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A dowager is a widow who holds a title or property, or dower, derived from her deceased husband.[1] As an adjective, "dowager" usually appears in association with monarchical and aristocratic titles.

In loose popular usage, "dowager" as a stand-alone noun may be used to refer to any elderly widow, especially one who is wealthy or behaves with dignity.

Use in the United Kingdom[edit]

In the United Kingdom, the widow of a peer may continue to use the style she had during her husband's lifetime, e.g. "Countess of Loamshire", provided that his successor, if any, has no wife to bear the plain title. Otherwise she more properly prefixes either her forename or the word Dowager, e.g. "Jane, Countess of Loamshire" or "Dowager Countess of Loamshire" (In any case she would continue to be called "Lady Loamshire").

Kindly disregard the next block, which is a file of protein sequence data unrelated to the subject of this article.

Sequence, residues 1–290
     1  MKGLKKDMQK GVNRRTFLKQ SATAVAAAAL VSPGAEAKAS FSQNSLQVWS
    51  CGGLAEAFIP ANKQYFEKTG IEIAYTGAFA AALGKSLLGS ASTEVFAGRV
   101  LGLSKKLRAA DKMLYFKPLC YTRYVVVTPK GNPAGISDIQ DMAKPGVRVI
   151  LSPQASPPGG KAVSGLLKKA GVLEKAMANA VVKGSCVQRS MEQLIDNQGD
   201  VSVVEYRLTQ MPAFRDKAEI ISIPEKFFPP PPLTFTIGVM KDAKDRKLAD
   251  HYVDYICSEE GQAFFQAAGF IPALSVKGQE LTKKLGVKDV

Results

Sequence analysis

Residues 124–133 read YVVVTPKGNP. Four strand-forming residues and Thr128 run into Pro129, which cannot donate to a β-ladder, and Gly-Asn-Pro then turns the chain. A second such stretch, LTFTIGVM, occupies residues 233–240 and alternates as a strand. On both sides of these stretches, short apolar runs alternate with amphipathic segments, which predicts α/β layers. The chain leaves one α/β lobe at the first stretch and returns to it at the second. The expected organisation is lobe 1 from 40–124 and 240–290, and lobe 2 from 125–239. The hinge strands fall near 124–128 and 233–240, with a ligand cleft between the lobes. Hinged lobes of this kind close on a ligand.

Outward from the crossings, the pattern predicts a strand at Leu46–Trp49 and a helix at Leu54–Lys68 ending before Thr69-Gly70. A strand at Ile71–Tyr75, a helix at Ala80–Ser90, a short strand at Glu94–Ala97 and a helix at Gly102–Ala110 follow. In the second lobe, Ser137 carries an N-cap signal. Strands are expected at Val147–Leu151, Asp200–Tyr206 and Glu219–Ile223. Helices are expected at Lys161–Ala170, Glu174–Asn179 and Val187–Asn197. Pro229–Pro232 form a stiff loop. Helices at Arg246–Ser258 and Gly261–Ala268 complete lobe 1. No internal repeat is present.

Monarchical dowagers[edit]

Dowager Queen is used in the United Kingdom and several other countries.

In reference to the fallen Russian imperial family and the Monarchy of China, the term "Dowager Empress" was used in English to describe the wife of a deceased emperor.[citation needed]


Historical and current[edit]

In media and entertainment[edit]